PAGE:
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‘Relaxation’ Foods and Beverages: Proceed with Caution

Environmental Nutrition Newsletter

Call-out Intro: After hours in a high-stress work environment such as the OR, it might be tempting to turn to a quick fix to de-stress, unwind and relax. But products marketed for relaxation aren’t always safe, and they aren’t always FDA-regulated. Here’s why you should avoid them.

Q. Do relaxation foods and drinks really work?

A. People turn to foods, beverages and supplements for health benefits, so why not turn to them for potential relaxation effects? That’s the thinking behind a booming field of products such as baked goods, such as brownies, and beverages, such as sodas and flavored waters, that claim to contain relaxation properties.

Relaxation drinks formulated with supplemental ingredients, such as Dream Water (produced by Dream Water) and iChill (iChill Beverages, Inc.) have doubled in sales in the past year, with 36 million gallons sold in the U.S. in 2010. But do they work?

Melatonin in the mix

One of the most popular supplements for relaxation and sleep is melatonin, a hormone we naturally produce in the pineal gland of the brain. It helps control the sleep and wake cycles of the body’s internal clock. Most commonly found in supplements, melatonin has recently been added to several food and beverage products marketed for relaxation effects, such as Lazy Cakes (Lazy Larry) and Kush Cakes (Vapor Rush.)

A relaxing ingredient list

In addition to melatonin, products such as Unwind (Koma,) Mini Chill (Stevenson Products,) and Mary Jane’s Relaxing Soda (The Relaxing Company) contain a variety of supplements, such as valerian, GABA, L-Theanine and kava. These supplements are promoted for their anxiety relief and sleep aid.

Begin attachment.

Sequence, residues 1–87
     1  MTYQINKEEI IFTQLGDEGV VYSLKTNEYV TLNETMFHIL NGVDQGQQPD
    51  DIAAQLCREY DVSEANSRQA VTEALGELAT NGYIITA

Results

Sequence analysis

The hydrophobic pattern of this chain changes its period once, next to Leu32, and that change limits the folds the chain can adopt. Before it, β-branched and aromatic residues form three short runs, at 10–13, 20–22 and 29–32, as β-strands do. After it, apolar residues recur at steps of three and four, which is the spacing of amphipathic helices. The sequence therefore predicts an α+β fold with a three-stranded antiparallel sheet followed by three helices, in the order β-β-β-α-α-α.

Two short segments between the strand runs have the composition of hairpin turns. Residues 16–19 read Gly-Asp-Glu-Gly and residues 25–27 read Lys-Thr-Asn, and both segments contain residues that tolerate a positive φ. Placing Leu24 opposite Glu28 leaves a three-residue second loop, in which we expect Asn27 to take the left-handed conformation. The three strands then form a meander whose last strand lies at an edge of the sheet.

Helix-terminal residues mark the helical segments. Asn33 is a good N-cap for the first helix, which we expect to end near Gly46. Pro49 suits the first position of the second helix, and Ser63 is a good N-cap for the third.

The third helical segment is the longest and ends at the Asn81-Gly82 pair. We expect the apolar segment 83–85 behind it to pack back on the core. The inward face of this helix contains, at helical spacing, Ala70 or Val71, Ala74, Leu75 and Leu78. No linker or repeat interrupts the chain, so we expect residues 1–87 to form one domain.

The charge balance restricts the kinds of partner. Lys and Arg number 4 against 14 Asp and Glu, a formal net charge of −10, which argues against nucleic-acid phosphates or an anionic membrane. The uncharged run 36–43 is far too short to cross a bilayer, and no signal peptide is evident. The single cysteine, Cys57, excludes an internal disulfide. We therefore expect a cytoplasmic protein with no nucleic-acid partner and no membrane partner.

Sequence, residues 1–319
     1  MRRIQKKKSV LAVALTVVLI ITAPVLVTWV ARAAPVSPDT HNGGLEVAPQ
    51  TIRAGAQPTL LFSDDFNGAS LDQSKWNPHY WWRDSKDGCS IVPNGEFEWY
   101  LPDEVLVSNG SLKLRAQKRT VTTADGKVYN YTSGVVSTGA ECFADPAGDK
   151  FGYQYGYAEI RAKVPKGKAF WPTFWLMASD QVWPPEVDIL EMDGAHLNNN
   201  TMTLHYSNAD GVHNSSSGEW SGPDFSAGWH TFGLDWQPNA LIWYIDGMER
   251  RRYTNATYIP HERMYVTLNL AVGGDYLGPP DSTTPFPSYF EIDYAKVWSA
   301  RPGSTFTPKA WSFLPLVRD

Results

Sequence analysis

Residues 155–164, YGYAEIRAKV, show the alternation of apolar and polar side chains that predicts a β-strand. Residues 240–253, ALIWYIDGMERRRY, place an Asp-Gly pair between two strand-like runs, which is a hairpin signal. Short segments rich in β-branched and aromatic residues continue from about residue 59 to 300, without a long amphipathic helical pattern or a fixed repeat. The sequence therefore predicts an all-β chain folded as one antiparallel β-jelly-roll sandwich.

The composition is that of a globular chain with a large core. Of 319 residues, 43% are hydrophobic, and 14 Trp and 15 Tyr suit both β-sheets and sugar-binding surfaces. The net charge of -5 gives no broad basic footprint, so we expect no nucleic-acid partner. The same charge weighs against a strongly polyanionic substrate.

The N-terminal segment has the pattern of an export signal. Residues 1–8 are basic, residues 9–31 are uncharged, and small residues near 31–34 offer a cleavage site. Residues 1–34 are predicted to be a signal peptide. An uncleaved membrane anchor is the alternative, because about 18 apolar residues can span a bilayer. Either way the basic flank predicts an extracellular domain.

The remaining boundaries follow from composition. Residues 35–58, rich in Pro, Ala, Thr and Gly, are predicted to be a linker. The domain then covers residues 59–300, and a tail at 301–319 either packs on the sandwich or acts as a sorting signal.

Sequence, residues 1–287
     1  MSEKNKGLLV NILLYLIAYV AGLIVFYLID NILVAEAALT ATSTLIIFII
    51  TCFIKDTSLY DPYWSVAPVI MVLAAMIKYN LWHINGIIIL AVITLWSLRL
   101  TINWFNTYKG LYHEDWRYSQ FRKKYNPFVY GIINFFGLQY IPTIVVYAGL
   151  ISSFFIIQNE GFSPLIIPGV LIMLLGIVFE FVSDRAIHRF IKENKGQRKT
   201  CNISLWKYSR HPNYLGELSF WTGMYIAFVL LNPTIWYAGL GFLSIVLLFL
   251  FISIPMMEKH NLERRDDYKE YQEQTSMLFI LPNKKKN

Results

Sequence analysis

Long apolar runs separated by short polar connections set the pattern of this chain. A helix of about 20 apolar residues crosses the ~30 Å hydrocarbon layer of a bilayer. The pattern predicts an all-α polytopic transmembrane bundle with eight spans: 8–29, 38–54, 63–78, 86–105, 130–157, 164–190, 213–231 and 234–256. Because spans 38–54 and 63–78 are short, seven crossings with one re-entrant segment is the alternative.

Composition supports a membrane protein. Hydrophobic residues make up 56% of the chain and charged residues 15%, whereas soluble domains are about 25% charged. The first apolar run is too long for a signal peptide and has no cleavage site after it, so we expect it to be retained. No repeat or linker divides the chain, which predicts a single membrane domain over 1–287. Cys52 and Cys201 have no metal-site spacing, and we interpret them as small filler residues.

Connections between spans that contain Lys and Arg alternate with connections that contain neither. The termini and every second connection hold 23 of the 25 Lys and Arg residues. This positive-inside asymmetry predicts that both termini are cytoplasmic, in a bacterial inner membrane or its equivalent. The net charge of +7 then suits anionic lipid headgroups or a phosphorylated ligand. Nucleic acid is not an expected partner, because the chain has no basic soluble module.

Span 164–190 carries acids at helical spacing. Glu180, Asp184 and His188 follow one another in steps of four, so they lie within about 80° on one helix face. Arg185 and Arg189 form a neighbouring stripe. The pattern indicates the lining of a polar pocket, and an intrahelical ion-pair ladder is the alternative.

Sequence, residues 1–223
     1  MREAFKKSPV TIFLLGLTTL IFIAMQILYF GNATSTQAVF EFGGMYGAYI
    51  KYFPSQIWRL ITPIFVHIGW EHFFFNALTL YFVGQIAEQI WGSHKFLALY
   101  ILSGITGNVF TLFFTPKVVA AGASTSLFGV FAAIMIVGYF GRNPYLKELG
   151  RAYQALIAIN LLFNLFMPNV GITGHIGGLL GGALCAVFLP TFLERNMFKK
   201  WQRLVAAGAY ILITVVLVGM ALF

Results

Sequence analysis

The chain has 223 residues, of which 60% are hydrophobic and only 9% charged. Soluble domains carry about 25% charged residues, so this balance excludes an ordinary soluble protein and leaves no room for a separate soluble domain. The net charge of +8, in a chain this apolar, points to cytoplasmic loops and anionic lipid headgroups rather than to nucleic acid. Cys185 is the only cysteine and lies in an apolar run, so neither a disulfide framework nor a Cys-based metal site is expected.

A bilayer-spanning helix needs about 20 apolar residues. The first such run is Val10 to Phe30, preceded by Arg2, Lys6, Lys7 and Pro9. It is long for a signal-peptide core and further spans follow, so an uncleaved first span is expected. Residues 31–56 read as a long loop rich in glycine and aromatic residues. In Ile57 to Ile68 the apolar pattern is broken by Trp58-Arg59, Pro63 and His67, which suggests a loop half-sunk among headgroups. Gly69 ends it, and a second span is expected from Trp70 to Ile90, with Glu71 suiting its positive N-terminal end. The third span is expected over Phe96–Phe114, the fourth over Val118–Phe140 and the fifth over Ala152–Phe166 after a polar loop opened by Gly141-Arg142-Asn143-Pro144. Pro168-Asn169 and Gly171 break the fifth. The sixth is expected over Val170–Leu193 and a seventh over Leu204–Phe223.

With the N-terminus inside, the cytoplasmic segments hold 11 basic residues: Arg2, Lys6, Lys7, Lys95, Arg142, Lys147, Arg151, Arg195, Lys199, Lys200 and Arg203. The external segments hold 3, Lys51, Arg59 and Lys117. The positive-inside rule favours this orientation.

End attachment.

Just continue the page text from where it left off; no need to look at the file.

While researchers have found some sleep and anti-anxiety effects for these supplements, the evidence is inconsistent. In a review of dietary supplements marketed for relaxation published in November 2009 in Medical Science Monitor, researchers reported that questions remain regarding the medicinal value of these supplements, although research supports their role in stress management.

Safety concerns

The hot issue for relaxation foods and beverages is their potential for safety risks. Sen. Dick Durbin (D-IL) asked the U.S. Food and Drug Administration to clarify its regulatory status on relaxation products that include melatonin, emphasizing that current laws don’t require manufacturers to establish evidence of their products’ safety and effectiveness before going to market. Some products contain up to 8 milligrams (mg) of melatonin per serving, while most doses of melatonin supplements are 1-3 mg.

Many safety concerns have been raised over relaxation products. When supplements are mixed into a food or beverage, it’s much easier to lose sight of how much you’re consuming, or for them to fall into the hands of children. There’s a potential danger of falling asleep after consuming these products; melatonin can induce drowsiness for about six hours after use. And relaxation drinks—as with any dietary supplement—can potentially interact with other medications.

Product disclosures for many relaxation products warn that they’re not recommended for pregnant women or children or for use while operating machinery or automobiles. So, when it comes to relaxation foods and beverages, proceed with caution.

Reprinted with permission from Environmental Nutrition, a monthly publication of Belvoir Media Group, LLC.







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